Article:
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Suzuran is well known for its fresh, handmade, very broad hirauchi-men. I ordered this in the form of a miso kakuni tsuke-soba (dipping noodles). Kakuni literally translates to “square simmered” and refers to blocks of braised pork belly simmered in a sauce typically containing dashi & mirin. It is reminiscent of the Chinese dong-bo-rou, only with a thinner sauce. I actually ordered the same thing on my previous visit, when they did not have the thick noodles. The kakuni was very tasty so I had to have it again despite seeing numerous items on the menu that I still really wanted to try. IMG_4200.JPG

As you can see, a few big slabs of this very tender kakuni sit on top of the wonderfully chewy noodles which were, as advertised, very broad – like a Japanese version of the Italian pappardelle. IMG_4203.JPG

The miso dip contained a mountain of ingredients- every bite swept up a swarm of sprouts, cabbage, and other fresh vegetables. In addition to all that, there was actually more pork underneath! The egg however, was very mediocre – the funny thing about Suzuran is that it sells 100 yen “egg cards” that get you an egg everytime you show your card for the rest of your life. IMG_4205.JPG

Eri had the wonton noodles which I also tried a bit of. I felt that dumplings were definitely not one of Suzuran’s strengths. Also note the yaki-gyoza which had skin as thick as the noodles! These were not very impressive :p  But we agreed that the noodles alone were worth coming again for.

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Just felt like adding one more photo of Eri’s wonton swimming in my miso broth.IMG_4209.JPG

I actually felt sick after this meal because it was so heavy. It felt like one portion of noodles here could actually feed two girls (we weren’t that hungry that day). So I took a stroll to Hikarie nearby and bought this Acai berry drink that made me feel much better 😀

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Chuuka-soba Suzuran 中華そば すずらん

Address: 3-7-5 Shibuya, Shibuya-ku, Tokyo

〒150-0002 東京都渋谷区渋谷3丁目7−5 大石ビル 1F

Phone : 03-3499-0434

 

 

 

Ogino

If you ask me what the Japanese are best at cooking apart from Japanese cuisine, I’d say French. Some of you might argue – Didn’t Italian food get popular first back in the 1920’s? How about Korean BBQ with Kobe beef? Not denying the quality of other international cuisines in Japan (with the exception of Chinese food perhaps, as I have yet to find anything brilliant in Japan apart from a sheng jian bao that was 10 times better than the famous Xiao Yang in Shanghai!) , but it seems difficult to find another culture that has a level of refined sensitivity and perfectionism matching up to what is required of artful French cuisine. This is in part accountable to how serious Japanese chefs get when it comes to sourcing ingredients, and our chef of the night Shinya Ogino is one such example. On the official Ogino restaurant website, all the farms chef Ogino sources from are introduced along with  smiley headshots of the farmers themselves. One of the things I admire most about Japan is that whilst farmers in many countries are commonly pictured either as exploited or lowly-paid workers suffering in the coutryside, Japanese farmers are often seen as proud producers of their specialties, regarding themselves as “researchers” of how to grow the best tomatoes,corn,eggplants,beefporkchicken whatnot.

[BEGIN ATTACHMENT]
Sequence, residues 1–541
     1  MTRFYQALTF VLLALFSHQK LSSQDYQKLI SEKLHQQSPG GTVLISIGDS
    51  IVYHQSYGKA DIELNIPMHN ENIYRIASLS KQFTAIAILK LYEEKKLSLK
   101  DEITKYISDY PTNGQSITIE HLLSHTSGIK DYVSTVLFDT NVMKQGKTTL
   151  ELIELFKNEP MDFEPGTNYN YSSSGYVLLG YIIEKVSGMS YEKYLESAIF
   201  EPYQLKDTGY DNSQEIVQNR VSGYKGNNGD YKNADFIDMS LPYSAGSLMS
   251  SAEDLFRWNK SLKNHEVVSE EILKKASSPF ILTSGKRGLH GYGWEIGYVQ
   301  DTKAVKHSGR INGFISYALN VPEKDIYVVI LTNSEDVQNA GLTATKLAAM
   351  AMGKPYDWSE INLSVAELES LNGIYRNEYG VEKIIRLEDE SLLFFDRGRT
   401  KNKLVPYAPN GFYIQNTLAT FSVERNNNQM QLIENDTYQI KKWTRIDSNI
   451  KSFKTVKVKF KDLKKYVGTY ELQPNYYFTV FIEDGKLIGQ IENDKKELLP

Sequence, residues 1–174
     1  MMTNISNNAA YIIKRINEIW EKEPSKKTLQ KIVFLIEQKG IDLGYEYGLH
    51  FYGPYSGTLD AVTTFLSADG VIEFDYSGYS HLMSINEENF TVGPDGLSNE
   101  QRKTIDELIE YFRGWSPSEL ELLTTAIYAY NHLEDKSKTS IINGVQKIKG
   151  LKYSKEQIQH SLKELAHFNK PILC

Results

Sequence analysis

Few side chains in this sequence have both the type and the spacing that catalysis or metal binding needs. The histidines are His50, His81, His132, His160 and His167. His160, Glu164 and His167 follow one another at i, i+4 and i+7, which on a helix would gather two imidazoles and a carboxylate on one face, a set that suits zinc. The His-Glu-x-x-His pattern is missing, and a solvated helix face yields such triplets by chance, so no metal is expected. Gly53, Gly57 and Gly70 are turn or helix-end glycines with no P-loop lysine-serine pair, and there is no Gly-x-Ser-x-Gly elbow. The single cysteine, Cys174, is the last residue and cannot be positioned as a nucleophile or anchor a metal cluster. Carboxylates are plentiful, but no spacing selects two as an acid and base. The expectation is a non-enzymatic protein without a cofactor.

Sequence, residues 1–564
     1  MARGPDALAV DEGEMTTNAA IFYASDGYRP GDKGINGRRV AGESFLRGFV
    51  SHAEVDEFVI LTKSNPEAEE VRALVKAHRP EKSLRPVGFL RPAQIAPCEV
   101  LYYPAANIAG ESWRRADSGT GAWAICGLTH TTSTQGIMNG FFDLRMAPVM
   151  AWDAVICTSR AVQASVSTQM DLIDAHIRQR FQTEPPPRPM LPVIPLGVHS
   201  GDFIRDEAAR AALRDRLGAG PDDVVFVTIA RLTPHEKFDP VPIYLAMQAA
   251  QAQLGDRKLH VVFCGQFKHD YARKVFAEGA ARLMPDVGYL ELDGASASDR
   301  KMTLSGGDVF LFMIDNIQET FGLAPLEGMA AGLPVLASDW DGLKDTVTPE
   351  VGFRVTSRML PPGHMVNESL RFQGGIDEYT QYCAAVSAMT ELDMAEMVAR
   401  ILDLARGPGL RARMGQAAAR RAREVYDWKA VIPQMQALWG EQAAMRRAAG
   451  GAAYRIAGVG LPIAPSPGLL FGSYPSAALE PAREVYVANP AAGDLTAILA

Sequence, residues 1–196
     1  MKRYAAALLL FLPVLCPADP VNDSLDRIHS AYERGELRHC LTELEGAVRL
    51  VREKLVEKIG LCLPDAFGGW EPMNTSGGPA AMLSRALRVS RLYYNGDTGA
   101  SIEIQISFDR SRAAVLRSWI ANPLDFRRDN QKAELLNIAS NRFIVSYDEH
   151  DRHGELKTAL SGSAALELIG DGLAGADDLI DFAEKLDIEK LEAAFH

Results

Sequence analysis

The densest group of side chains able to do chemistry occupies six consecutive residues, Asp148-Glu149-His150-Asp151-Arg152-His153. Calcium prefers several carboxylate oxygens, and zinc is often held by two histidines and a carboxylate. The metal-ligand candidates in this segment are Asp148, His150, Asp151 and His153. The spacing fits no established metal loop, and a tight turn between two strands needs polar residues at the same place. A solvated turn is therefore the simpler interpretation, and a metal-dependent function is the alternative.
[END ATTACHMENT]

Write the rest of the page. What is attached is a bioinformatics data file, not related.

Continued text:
So here’s our meal at Ogino (in Ikejiri-Ohashi, just one station away from Shibuya) !

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We opted for the 5 course “Menu Saison”. This was an omakase tasting menu although we were also allowed to pick out dishes from the a-la-carte menu if there was a particular dish we really wanted to try.

The first appetizer was a zuwai crab salad in an avocado puree, topped with a layer of mandarin orange jelly. Not a particularly innovative combination, but the mandarin jelly gave a fresh zesty kick to the creamy mixture, all for fostering an appetite to begin the meal.

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Next up was this jerusalem artichoke cream – probably the less impressionable of the appetizers; I would have liked it better with more flavour or a bit of a crunch. The jerusalem artichokes used were evidently very fresh, but IMO a bit of an accent would have been neat :p  IMG_3873

Before the second pair of appetizers we were served the bread and some delicious homemade rilette. IMG_3876

Our third appetizer arrived swiftly after the breads; although I’ve been telling myself to stop eating foie gras for both health and ethical reasons, this Vendée duck foie gras and truffle terrine was too good to miss so I had to side with the devil. The truffle aroma here was not particularly strong – what really took centre stage in this dish was the six blocks of fujinotori chicken, loaded with flavour permeated from the gamey foie gras. IMG_3882

The final appetizer was sauteéd st-jacques with truffled mashed potato in a “bacon cappucino” sauce. This one was divine! The aroma of black truffles in this dish was more apparent than in the foie gras terrine. The scallops were not particularly big but in here it meant a compact, intense sweetness in every little bite. They were also nicely done golden brown at the top and bottom, whilst remaining just opaque enough in the middle to be sufficiently cooked without losing moisture. IMG_3884

For our mains we had two different seafood dishes and two meat dishes. For seafood we had the oven-baked cod with cumin and Lobster thermidor. IMG_3886

I’d say I preferred the lobster thermidor. It was meaty, buttery but not overly so, and smelled oh so good! The cod was not so bad but it made me see why Ogino’s claim to fame was based on meats rather than fishes. IMG_3888

An icy palate cleanser was served between the seafood courses and meat courses.IMG_3891

For the meats we had the Za’atar (mixed herbs of middle eastern origin) lamb and roast veal (from Brittany). Both very good, but at this point I was getting so full that I really wanted dessert ASAP. (They say we have a separate stomach for desserts. I can only assume so, and the only way to keep enjoying food without making one stomach explode ought to be switching to the other one, right?)  IMG_3896 IMG_3894

The next three photos are of desserts that I did not try personally. I’ll just let the photos speak 😛

The warm chocolate brownie,IMG_3900

Pudding,IMG_3899

and panacotta. IMG_3901

I had the “reversed mont blanc” which was basically a standard mont blanc with ingredients done inside out, with the pureed chestnut and whipped cream sitting inside a gang of broken meringue pieces. Not bad!! IMG_3903